Efficient Global Optimization Applied to Design and Knowledge Discovery of Supersonic Wing

Masahiro KANAZAKI, Naoto SETO (Tokyo Metropolitan University)

Efficient global optimization (EGO) was applied to the multi-objective design and knowledge discovery of a supersonic transport (SST) wing. The objective functions considered here are employed to maximize the lift-to-drag ratio at supersonic cruise, to minimize the sonic boom intensity and to minimize wing structural weight, simultaneously.










The EGO process is based on Kriging surrogate models, which were constructed using several sample designs. Subsequently, the solution space could be explored through the maximization of expected improvement (EI) values that corresponded to the objective function of each Kriging model because the surrogate models provide an estimate of the uncertainty at the predicted point. Once a number of solutions have been obtained for the EI maximization problem by means of a multi-objective genetic algorithm (MOGA), the sample designs could be used to improve the models' accuracy and identify the optimum solutions at the same time. In this paper, 108 sample points are evaluated for the constructions of the Kriging models. In order to obtain further information about the design space, two knowledge discovery techniques are applied once the sampling process is completed. First, through functional analysis of variance (ANOVA), quantitative information is gathered and then, self-organizing maps (SOMs) are created to qualitatively evaluate the aircraft design. The proposed design process provides valuable information for the efficient design of an SST wing.












In this study, modeFRONTIER is used for the visualization of multidimensional data. modeFRONTIER  creates a map in a 2D hexagonal grid, which can be colored based on the every attribute values (for the design variables, and the objective functions). Therefore, the n component planes are visualized and can be compared easily. In the trained map, each hexagonal grid has similar vector to its neither. By coloring the grids by component values of the vector, the relationship among objective functions and design variables such as a ‘trade-off’ can be observed in the picture below.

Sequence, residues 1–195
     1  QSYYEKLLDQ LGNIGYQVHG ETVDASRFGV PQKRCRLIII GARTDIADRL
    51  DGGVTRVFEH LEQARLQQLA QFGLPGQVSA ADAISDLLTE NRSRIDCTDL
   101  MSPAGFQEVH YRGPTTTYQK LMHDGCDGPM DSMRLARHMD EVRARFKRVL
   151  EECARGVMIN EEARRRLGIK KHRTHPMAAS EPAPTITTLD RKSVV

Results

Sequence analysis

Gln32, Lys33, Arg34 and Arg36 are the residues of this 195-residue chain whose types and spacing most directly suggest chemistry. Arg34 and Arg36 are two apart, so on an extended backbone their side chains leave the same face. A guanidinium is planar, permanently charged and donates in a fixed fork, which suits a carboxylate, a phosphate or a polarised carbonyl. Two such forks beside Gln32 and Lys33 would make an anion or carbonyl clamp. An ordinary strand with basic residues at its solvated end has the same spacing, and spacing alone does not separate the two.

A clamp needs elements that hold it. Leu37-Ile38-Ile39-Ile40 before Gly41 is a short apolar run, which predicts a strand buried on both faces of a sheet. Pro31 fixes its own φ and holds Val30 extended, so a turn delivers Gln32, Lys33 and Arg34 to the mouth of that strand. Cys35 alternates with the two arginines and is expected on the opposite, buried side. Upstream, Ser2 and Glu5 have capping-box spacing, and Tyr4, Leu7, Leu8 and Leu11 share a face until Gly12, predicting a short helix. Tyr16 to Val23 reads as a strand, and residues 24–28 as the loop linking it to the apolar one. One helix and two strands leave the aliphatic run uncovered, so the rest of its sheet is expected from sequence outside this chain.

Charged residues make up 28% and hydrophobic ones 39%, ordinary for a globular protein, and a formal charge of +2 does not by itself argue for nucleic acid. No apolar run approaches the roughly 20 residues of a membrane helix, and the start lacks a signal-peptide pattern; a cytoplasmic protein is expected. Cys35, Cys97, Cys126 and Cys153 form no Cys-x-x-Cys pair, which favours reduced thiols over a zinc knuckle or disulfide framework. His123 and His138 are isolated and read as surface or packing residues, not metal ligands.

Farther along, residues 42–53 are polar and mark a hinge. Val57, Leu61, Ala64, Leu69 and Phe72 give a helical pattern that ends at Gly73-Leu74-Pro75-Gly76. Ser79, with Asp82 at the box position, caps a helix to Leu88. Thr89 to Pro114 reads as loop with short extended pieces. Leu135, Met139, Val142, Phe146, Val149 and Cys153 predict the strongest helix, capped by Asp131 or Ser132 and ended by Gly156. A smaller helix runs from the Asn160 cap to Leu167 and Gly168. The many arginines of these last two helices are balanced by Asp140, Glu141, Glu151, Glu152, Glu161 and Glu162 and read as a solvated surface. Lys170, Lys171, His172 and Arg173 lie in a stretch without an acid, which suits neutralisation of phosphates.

The total of 105 sample designs is evaluated and their results are used for design space analysis by proposed EGO procedure. In this process, GA is used along with Kriging surrogate models. To obtain non-dominated solutions, additional samples are selected by GA exploration based on EI values on the Kriging model. In addition, ANOVA and SOM are employed to acquire the information about the design problem. In this study, the main wing of S3TD conducted by JAXA was designed. Many additional samples become non-dominated solutions. According to this sampling result, trade-off among objective functions was observed. To investigate the detail of the design space, ANOVA and SOM are applied. According to these result, useful design knowledge can be acquired. According to ANOVA result, the inboard wing camber has a predominant influence on L/D. Additionally, SOM result suggest that larger outboard sweep back and thinner tip airfoil provide higher L/D wing, because outboard wing has supersonic leading edge. ΔP is influenced by the sweep back of the inboard wing. The design which achieves lowest Wwing has low taper ratio. Additionally, to reduce the aerodynamic force on the main wing, the reflection angle of the horizontal tail becomes positive where the horizontal tail wing also gains the lift. This knowledge could be obtained by the consideration of the trim balance constraint. Because it takes large computational cost to design the wing under such constraint, proposed design technique was highly efficient.